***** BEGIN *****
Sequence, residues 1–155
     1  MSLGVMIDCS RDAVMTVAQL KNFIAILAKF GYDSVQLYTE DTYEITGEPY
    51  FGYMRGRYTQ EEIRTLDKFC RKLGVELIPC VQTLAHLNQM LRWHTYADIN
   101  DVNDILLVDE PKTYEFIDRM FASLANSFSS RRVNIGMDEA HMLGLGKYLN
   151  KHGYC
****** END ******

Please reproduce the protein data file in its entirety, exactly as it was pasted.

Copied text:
Sequence, residues 1–155
     1  MSLGVMIDCS RDAVMTVAQL KNFIAILAKF GYDSVQLYTE DTYEITGEPY
    51  FGYMRGRYTQ EEIRTLDKFC RKLGVELIPC VQTLAHLNQM LRWHTYADIN
   101  DVNDILLVDE PKTYEFIDRM FASLANSFSS RRVNIGMDEA HMLGLGKYLN
   151  KHGYC